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Why Injuries Need Peace & Love

New injuries are an unfortunate part of life particularly for those of us involved in sports. There is so much information around and it often changes. I struggle to keep up and it’s my job to teach this stuff as well as helping patients!

So we are all told to take it easy with a new injury, which kind of makes sense at first; things are painful and the body needs to recover… which is true and fine short term. However, it really doesn’t take long for us to start to lose strength and fitness. Imagine a leg in a cast after a break. You can see how much muscle bulk has been lost in a short time. That is an extreme example, but the principle holds true.

Our bodies are made to move and respond a lot better to movement then total rest. This is where “optimal loading” comes in. This doesn’t mean not overdoing it and ignoring pain. It involves a happy medium between total rest and full activity.  A different form of exercise will keep you fit and strong whilst promoting good circulation to help an injury heal.  This is where the saying ‘POLICE’ started from to replace ‘RICE’. ‘POLICE’ stands for: Protect Optimally Load Compress Elevate, which is a very successful strategy……. but now the new kids on the block are ‘PEACE’ and ‘LOVE’.

This new way of thinking identifies the psychological effect injury can have, which is the main barrier to return to sport as well as a big predictor of future injury. (In fact, fear of injury is likely to lead to injury for a whole host of reasons.) It looks at the immediate actions PEACE and the longer-term rehab strategy LOVE.

Immediately after a soft tissue injury, do no harm and let PEACE guide your approach:

P for Protect

Unload or restrict movement for 1 to 3 days to minimise bleeding and prevent further injury. Rest should be minimised as prolonged rest can compromise tissue strength and quality. Rely on pain signals to guide removal of protection and gradual reloading. 

E for Elevate

Elevate the limb higher than the heart to promote interstitial fluid flow out of tissue. Despite the fact the science behind this is patchy at best, its free and easy to do and will not do any harm.

A for Avoid anti-inflammatory modalities

Anti-inflammatory medications may potentially be detrimental for long-term tissue healing. The various phases of inflammation contribute to optimal soft tissue regeneration. Inhibiting such an important process is not recommended as it could impair tissue healing, especially when a higher dosage is taken. They also have lots of other side effects on digestion and the heart.

Despite widespread use among clinicians and the population, there is no high-quality evidence on the efficacy of ice for treating soft tissue injuries, it won’t affect swelling but might be a nice painkiller short term.

C for Compress

External mechanical pressure using taping or bandages helps limiting swelling, despite conflicting studies, compression after an ankle sprain seems to reduce swelling and improve quality of life. Yet again we don’t really know how well this works but its easy to do and safe.  

E for Educate

Therapists should educate patients on the benefits of an active approach to recovery. Passive modalities such as electrotherapy, manual therapy or acupuncture, early after injury has a trivial effect on pain and function compared with an active approach; it may even be counter-productive in the long term. Better education on the condition and load management will help avoid overtreatment which has been suggested to increase the likelihood of injections or surgery. We can still offer support and pain relief as well as addressing any other areas that may be effected, but short term our role is education, first aid and empowering patients to care for themselves.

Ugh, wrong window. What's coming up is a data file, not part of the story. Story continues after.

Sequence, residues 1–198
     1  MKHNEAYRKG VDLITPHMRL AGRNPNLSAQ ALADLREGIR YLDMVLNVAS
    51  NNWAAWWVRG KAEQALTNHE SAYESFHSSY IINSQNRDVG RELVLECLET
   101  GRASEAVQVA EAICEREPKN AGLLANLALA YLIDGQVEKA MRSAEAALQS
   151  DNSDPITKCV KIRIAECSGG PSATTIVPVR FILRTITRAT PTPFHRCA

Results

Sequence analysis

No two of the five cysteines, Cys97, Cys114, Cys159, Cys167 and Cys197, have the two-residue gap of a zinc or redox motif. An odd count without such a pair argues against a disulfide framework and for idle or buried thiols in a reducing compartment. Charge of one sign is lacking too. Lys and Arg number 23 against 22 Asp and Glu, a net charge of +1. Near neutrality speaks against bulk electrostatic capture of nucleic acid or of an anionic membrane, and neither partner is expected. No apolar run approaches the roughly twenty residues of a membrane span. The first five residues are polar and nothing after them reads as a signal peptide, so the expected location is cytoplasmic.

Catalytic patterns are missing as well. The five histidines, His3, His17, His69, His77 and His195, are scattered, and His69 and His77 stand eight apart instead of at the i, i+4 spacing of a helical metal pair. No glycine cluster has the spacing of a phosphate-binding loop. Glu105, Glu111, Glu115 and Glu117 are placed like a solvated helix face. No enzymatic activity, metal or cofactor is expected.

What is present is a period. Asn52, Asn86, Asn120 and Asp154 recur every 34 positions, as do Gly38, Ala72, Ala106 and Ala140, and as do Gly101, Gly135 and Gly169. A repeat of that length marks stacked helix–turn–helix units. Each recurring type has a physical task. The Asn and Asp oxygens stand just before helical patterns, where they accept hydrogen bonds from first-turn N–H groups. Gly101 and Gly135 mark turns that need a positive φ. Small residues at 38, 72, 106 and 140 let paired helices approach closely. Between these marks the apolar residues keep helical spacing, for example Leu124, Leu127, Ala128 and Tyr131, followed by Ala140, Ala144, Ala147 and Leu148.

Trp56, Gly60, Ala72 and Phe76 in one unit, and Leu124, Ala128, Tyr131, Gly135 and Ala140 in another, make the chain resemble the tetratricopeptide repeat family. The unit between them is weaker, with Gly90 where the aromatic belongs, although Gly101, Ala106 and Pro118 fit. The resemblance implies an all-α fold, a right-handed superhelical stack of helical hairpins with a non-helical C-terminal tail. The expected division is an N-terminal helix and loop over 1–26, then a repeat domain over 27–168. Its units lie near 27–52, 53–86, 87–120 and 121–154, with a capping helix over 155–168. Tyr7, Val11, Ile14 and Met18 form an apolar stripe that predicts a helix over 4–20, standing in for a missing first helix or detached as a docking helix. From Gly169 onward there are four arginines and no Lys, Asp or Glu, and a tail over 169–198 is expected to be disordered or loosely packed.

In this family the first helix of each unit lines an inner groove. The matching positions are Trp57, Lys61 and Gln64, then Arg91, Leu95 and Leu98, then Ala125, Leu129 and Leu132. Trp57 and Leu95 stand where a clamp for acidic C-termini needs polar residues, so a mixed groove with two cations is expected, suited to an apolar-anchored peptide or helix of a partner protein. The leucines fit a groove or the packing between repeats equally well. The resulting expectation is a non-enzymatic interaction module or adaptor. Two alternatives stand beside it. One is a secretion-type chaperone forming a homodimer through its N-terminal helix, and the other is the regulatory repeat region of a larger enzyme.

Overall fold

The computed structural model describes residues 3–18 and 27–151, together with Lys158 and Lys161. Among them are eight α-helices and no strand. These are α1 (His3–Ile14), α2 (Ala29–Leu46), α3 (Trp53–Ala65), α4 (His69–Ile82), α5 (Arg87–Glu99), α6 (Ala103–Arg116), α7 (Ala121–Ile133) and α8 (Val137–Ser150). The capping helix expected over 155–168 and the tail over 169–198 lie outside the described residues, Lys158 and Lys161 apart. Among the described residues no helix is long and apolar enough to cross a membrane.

After the first days have passed, soft tissues need LOVE

L for Load

An active approach with movement and exercise benefits most patients with musculoskeletal disorders]Mechanical stress should be added early and normal activities resumed as soon as symptoms allow. Optimal loading without exacerbating pain promotes repair, remodelling and building tissue tolerance and capacity of tendons, muscles and ligaments.

O for Optimism

The brain plays a key role in rehabilitation interventions. Psychological factors such as depression and fear can be barriers to recovery. They are even thought to explain more of the variation in symptoms and limitations following an ankle sprain than the degree of damage! Pessimistic patient expectations are also associated with suboptimal outcomes and worse prognosis. While staying realistic, practitioners should encourage optimism to enhance the likelihood of an optimal recovery.

V for Vascularisation

Pain-free cardiovascular activity should be started a few days after injury to boost motivation and increase blood flow to the injured structures. Early mobilisation and aerobic exercise improve function, work status and reduce the need for pain medications in individuals with musculoskeletal conditions.

E for Exercise

The right kind at the right time has amazing long-term results! 

Managing soft tissue injuries is more than short-term damage control. Similar to other injuries, clinicians should aim for long-term outcomes and treat the person with the injury rather than the injury of the person! Its not a one size fits all approach, and a tailored exercise and rehabilitation plan can really get you back on track quickly!

Remember – the team at Shefford Osteopathic Clinic are here to treat sports injuries, alleviating pain and optimising recovery time. 

This article is written by Andrew MacMillan, a registered osteopath who worked with Shefford Osteopathic Clinic.